The 36 questions you need to ask to fall in love

According to a report in the New York Times, you can fall in love with absolutely anyone.  All you have to do is ask the person 36 specific questions.  Why these?  Apparently it’s all about vulnerability.  The study’s authors said:   ‘One key pattern associated with the development of a close relationship among peers is sustained, escalating, reciprocal, personal self-disclosure.’

In other words, be open, be honest, be vulnerable.  Presumably this is reciprocal.  You would take it in turns, right?  But then, it occurs to me that it plunges us straight into that classic human ‘thing’ where, all the time you’re listening to the other person, you’re framing your own reply, your own witty anecdote, your own even more open and vulnerable response.  How many people really listen?

Actually, I’m not sure you even need to ask all those complicated questions.  Just before Christmas I went on a Zen retreat.  Every day we would sit down in front of one another and ask one question:  ‘Tell me who you are?’  And then we would just…listen.  It was the most unusual experience.  Some people were reserved, barely saying a word; others told the most intimate, the most revealing, often quite traumatising, things.  And your job was just to sit and witness what they were saying; to act like a mirror.  And a curious thing happened.  These people were a real mixed bag, all sorts, men and women, ranging wildly in age, shape, colour, class, character.  But, as I listened to them, as I focused on their faces as they talked, I started to feel…awed.  They were all just incredibly beautiful somehow. Each and every one of them.  I suppose you could say I fell in love with them. And I know that sounds horribly hippy dippy but it wasn’t like that – it was really quite indescribable, quite extraordinary, quite…beautiful.

But then…what does the New York Times mean by ‘falling in love’?  Would I have wanted to jump into bed with these guys?  Would I have wanted to spend my life with them?  Would I have wanted to cuddle up by the fire cosy under the snugly throw with them?  Er, no.

Actually, the most interesting part of the study was the bit that isn’t being talked about so much.  The bit where the participants silently stared into each other’s eyes for two to four minutes.
And I did a little bit of that on the Zen retreat too – and, you know what, that really is the strangest thing. Double dare you to try it.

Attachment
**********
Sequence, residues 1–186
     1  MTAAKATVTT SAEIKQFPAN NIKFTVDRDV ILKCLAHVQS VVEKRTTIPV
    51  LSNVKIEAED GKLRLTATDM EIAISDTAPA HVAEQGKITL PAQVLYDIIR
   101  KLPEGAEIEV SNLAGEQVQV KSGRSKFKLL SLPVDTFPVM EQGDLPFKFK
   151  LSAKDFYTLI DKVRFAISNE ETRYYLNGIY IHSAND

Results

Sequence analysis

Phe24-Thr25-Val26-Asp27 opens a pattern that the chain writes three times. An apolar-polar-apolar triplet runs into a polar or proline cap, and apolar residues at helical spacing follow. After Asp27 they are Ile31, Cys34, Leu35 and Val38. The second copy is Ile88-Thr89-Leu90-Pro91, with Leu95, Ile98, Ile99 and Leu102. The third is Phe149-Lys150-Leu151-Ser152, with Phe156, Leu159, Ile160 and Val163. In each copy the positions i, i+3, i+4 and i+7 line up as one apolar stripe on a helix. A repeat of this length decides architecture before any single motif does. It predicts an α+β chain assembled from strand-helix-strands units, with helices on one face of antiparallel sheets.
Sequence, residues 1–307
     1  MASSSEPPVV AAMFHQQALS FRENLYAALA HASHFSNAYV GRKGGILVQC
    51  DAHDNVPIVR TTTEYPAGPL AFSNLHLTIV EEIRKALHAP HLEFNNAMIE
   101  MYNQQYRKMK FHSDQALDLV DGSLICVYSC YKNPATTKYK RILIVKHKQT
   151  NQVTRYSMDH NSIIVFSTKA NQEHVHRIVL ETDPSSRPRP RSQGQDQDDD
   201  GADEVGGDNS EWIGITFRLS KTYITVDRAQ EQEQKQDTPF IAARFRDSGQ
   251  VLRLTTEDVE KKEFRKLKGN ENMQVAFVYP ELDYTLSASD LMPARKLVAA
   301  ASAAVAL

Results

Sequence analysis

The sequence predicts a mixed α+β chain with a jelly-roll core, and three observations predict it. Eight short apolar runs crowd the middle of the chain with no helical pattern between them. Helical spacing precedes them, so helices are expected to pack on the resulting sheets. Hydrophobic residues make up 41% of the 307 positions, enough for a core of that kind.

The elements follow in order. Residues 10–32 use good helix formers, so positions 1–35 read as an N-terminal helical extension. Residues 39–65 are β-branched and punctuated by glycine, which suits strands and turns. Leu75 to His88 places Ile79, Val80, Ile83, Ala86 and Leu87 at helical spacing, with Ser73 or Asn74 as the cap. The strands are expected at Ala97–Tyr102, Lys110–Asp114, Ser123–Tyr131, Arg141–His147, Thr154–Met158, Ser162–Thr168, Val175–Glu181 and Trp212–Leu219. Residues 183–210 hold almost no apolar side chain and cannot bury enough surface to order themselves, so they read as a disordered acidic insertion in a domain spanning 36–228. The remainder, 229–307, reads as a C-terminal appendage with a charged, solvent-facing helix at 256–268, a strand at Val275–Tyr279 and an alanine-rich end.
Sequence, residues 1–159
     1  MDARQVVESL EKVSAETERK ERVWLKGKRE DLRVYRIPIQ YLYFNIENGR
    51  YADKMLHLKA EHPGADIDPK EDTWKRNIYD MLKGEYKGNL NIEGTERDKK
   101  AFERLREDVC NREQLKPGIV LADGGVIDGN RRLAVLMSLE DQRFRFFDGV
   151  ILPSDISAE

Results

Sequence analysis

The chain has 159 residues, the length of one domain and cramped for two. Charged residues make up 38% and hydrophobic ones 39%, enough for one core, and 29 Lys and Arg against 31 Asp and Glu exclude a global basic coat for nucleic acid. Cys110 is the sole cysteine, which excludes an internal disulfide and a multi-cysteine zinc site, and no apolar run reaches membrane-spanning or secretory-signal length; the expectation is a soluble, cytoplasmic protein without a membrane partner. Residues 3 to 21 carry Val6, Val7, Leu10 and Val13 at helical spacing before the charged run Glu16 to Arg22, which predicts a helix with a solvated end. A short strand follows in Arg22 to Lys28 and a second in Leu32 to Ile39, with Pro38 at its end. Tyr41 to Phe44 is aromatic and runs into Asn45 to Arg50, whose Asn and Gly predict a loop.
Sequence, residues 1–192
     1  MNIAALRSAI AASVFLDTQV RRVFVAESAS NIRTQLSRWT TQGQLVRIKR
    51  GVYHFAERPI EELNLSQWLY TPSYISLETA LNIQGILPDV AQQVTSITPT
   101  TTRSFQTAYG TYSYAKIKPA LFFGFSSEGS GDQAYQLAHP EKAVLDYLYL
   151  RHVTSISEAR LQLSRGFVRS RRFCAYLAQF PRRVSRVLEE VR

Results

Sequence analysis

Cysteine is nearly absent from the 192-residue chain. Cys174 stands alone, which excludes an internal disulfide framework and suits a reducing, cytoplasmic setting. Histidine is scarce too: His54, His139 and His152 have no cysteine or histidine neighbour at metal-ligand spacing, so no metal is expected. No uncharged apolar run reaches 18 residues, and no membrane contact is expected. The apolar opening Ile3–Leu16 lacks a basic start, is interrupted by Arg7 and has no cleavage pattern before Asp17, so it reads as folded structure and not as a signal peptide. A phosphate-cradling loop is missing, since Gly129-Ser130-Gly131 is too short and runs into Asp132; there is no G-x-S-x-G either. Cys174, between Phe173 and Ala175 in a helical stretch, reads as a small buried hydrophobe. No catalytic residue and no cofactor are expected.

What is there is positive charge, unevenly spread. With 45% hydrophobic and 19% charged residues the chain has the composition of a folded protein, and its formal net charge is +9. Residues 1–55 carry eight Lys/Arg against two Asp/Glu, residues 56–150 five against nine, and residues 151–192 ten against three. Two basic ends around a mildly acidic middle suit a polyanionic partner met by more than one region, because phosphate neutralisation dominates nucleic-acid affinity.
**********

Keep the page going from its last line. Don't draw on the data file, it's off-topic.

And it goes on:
Anyhow, what you really want to know is what the questions are, don’t you?  Here you go.

  • Given the choice of anyone in the world, whom would you want as a dinner guest?
  • Would you like to be famous? In what way?
  • Before making a telephone call, do you ever rehearse what youare going to  say? Why?
  • What would constitute a “perfect” day for you?
  • When did you last sing to yourself? To someone else?
  • If you were able to live to the age of 90 and retain either the mind or body of a 30-year-old for the last 60 years of your life, which would you want?
  • Do you have a secret hunch about how you will die?
  • Name three things you and your partner appear to have in common.
  • For what in your life do you feel most grateful?
  • If you could change anything about the way you were raised, what would it be?
  • Take four minutes and tell your partner your life story in as much detail as possible.
  • If a crystal ball could tell you the truth about yourself, your life, the future or anything else, what would you want to know?
  • Is there something that you’ve dreamed of doing for a long time? Why haven’t you done it?
  • What is the greatest accomplishment of your life?
  • What do you value most in a friendship?
  • What is your most treasured memory?
  • What is your most terrible memory?
  • If you knew that in one year you would die suddenly, would you change anything about the way you are now living? Why?
  • What does friendship mean to you?
  • What roles do love and affection play in your life?
  • Alternate sharing something you consider a positive characteristic of your partner. Share a total of five items.
  • How close and warm is your family? Do you feel your childhood was happier than most other people’s?
  • How do you feel about your relationship with your mother?
  • Make three true “we” statements each. For instance, “We are both in this room feeling…
  • Complete this sentence: “I wish I had someone with whom I could share … “
  • If you were going to become a close friend with your partner, please share what would be important for him or her to know.
  • Tell your partner what you like about them; be very honest this time, saying things that you might not say to someone you’ve just met.
  • Share with your partner an embarrassing moment in your life.
  • When did you last cry in front of another person? By yourself?
  • Tell your partner something that you like about them already.
  • What, if anything,is too serious to be joked about?
  • If you were to die this evening with no opportunity to communicate with anyone, what would you most regret not having told someone? Why haven’t you told them yet?
  • Your house, containing everything you own, catches fire. After saving your loved ones and pets, you have time to safely make a final dash to save any one item. What would it be? Why?
  • Of all the people in your family, whose death would you find most disturbing? Why?
  • Share a personal problem and ask your partner’s advice on how he or she might handle it. Also, ask your partner to reflect back to you how you seem to be feeling about the problem you have chosen.

The thing that is still making me ponder is the sheer ordinariness of it all. If one can fall in love with anyone, does that mean nobody is special?  Is there really no preference involved?


Photo by Lucas Lenzi on Unsplash

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